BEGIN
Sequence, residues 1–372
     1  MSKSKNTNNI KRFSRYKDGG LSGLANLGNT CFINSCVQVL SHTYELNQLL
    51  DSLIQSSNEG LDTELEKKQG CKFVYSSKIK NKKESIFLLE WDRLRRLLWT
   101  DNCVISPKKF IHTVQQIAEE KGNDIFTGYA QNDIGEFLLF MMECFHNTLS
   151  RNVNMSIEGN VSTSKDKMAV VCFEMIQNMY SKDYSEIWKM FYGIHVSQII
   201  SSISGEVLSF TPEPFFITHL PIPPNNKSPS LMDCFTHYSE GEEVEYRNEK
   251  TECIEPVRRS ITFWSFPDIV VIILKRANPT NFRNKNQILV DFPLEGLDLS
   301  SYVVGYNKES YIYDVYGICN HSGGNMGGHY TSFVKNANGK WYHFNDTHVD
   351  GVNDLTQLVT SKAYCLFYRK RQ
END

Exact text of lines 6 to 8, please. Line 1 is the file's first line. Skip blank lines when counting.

   201  SSISGEVLSF TPEPFFITHL PIPPNNKSPS LMDCFTHYSE GEEVEYRNEK
   251  TECIEPVRRS ITFWSFPDIV VIILKRANPT NFRNKNQILV DFPLEGLDLS
   301  SYVVGYNKES YIYDVYGICN HSGGNMGGHY TSFVKNANGK WYHFNDTHVD